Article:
Thank you for explaining about the polysaccharide chains in slippery elm. I'll definitely have to look into that. I think I already read the articles you have referenced while I was researching, but I'll reread them and see if there was anything I missed. Would you recommend marshmallow over slippery elm for a diabetic, or since both contain polysaccharides would they be about the same?
Frobisher was on Wellness Salmon dry with pumpkin added for fiber and moisture. Unfortunately the pumpkin added a lot of bulk which filled his intestines and exacerbated the problem, which is why I'm interested in slippery elm since it won't add bulk. I'm transitioning him over to Wellness Core mixed with their Healthy Indulgence wet pouches and thinking of adding moistened slippery elm to that, since it will probably blend with the gravy of the pouches. I have to be extra careful what I feed him because my other cat has allergy issues and although I feed her separately, she tends to sneak a bite of his food from time to time -- the little brat.
I'm aware of the whole dry = evil, wet = good argument and I've read up on it, but frankly I haven't really seen convincing evidence that wet food is measurably superior to equivalent quality dry, especially when moisture is added to dry food. Most of what I've read seem to be opinion pieces with a few facts scattered here and there without reference to actual documented studies.
There's quite a lot of fads now in pet food marketing (wet vs. dry, organic vs. raw, high-carb vs. low-carb, etc), and most of it is to entice consumers away from one brand and switch them over to another on the basis that its better for their pet's health, when really it's all about capturing consumer dollars. I lost faith in a lot of supposedly "premium" pet foods when several of them were involved in the recalls. Fortunately Wellness wasn't one of them, but Eukanuba was, as was Evo and quite a few others that were supposedly superior and health-conscious brands (wet OR dry), including veterinary-only formulas. Now I look at ingredient lists carefully and I look at nutrition information, online reviews from reputable sources, recall lists and reviews of the company manufacturing the product. I also talk to my vet about my pets' diets since they're both older cats with specific health issues.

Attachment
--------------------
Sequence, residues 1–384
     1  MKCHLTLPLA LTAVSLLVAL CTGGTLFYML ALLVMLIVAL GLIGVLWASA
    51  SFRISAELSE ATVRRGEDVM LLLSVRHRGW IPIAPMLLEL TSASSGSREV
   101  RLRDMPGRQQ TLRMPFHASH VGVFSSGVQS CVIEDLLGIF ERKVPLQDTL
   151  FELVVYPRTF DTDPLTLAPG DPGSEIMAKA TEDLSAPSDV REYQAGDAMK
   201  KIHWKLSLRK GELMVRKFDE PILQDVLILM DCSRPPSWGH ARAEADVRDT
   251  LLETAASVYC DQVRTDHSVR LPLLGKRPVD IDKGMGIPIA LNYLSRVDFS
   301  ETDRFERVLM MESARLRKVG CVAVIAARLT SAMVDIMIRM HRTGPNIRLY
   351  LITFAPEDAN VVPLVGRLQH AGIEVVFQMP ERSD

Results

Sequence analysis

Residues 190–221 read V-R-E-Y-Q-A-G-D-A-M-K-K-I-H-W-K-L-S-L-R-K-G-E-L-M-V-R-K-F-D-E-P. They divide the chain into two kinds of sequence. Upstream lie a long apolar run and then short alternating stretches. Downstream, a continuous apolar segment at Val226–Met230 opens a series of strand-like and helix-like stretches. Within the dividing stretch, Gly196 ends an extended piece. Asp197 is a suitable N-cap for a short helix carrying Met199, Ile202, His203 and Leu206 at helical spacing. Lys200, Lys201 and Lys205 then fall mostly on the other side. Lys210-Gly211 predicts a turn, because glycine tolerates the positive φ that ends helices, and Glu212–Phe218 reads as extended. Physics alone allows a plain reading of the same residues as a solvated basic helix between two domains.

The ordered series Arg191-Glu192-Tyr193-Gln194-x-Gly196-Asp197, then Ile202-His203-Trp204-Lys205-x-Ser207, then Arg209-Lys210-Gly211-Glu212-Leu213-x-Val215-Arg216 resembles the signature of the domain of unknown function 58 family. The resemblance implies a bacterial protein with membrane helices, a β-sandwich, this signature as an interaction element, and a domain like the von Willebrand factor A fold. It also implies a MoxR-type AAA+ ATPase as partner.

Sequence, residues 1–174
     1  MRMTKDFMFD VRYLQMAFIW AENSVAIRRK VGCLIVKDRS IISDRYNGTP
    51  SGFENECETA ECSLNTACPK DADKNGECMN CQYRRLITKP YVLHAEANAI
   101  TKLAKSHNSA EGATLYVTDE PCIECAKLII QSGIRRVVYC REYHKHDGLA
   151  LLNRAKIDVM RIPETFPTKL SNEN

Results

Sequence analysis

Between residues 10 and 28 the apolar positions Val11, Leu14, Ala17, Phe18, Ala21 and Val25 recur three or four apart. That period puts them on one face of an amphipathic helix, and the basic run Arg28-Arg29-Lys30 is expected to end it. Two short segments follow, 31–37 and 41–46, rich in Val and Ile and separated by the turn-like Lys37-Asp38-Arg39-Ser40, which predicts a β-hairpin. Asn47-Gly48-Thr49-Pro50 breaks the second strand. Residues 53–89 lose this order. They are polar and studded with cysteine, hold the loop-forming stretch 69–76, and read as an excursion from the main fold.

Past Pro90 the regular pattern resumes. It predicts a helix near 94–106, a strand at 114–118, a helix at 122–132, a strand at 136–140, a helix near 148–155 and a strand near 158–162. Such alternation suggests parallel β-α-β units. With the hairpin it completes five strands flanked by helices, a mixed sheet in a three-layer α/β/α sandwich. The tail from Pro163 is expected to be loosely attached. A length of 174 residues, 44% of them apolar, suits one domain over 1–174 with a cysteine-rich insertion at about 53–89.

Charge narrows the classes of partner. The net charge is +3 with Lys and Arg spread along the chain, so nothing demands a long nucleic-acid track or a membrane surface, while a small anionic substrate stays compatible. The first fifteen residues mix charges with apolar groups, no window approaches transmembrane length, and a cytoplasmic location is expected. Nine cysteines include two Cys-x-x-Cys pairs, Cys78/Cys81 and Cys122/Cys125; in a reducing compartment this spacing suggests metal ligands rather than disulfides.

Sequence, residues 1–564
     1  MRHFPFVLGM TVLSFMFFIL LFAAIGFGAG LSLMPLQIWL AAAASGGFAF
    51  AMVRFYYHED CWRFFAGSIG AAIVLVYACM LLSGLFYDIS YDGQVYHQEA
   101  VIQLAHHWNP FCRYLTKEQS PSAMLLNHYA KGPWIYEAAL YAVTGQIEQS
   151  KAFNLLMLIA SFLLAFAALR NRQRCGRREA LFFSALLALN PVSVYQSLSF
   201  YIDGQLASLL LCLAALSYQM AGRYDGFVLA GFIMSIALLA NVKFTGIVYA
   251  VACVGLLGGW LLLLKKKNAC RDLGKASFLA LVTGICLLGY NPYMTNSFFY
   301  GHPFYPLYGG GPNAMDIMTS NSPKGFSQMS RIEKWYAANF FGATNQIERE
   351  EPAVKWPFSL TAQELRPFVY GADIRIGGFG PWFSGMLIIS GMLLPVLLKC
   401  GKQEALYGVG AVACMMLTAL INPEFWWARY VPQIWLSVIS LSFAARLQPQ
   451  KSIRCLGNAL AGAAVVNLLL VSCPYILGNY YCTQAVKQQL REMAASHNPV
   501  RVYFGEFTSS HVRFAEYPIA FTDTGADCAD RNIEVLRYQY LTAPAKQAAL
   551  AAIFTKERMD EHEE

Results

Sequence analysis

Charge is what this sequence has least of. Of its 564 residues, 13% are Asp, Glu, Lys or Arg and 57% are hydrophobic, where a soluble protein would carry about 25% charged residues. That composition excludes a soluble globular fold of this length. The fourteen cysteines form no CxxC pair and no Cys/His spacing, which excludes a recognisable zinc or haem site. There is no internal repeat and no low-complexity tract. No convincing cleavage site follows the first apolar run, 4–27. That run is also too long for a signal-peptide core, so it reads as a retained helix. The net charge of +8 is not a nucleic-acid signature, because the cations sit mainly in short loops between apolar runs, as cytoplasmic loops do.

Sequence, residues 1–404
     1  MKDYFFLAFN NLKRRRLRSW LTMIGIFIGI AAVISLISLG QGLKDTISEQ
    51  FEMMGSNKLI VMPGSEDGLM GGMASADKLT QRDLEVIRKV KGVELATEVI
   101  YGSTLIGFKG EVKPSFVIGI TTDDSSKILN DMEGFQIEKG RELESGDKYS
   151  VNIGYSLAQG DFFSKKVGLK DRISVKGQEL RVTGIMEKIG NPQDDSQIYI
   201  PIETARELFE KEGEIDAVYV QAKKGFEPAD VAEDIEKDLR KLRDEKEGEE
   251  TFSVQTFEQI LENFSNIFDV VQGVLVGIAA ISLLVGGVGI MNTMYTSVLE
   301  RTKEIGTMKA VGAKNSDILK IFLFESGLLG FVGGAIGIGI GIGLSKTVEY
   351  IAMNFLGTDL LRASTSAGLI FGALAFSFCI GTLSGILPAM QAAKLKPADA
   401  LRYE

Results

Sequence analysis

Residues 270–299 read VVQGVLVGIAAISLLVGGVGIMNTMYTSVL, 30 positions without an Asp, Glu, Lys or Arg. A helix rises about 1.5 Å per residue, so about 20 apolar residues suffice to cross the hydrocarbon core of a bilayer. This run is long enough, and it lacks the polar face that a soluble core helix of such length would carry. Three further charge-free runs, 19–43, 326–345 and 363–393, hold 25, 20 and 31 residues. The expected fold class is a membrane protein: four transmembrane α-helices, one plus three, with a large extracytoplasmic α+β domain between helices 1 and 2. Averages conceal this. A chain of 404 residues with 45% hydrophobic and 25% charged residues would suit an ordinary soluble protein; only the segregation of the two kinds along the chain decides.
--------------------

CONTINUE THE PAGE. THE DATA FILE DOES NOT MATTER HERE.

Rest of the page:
I'm not saying that all brands of pet food are created equal, as clearly they are not, but IMO judging the nutrition and health benefits of one pet food versus another is far more complex than reducing the argument down to wet vs. dry sound bites.
And that's my rant for today... we now return you to your regularly scheduled thread.
Originally Posted by DrJean
Yes, slippery elm is very useful for soothing the GI tract. However, the mucilaginous part is composed of polysaccharides (complex sugars), so because your cat is diabetic (he is on wet food only, yes?) you might want to double-check with your vet about that. Marshmallow (not the campfire toasting-kind but the herb) has similar effects, but also similar content of polysaccharides. It is also very safe.
Here are some more ideas for dealing with constipation, and an article on Slippery Elm:http://www.littlebigcat.com/index.ph...onstipatedcatshttp://www.littlebigcat.com/index.ph...onstipatedcats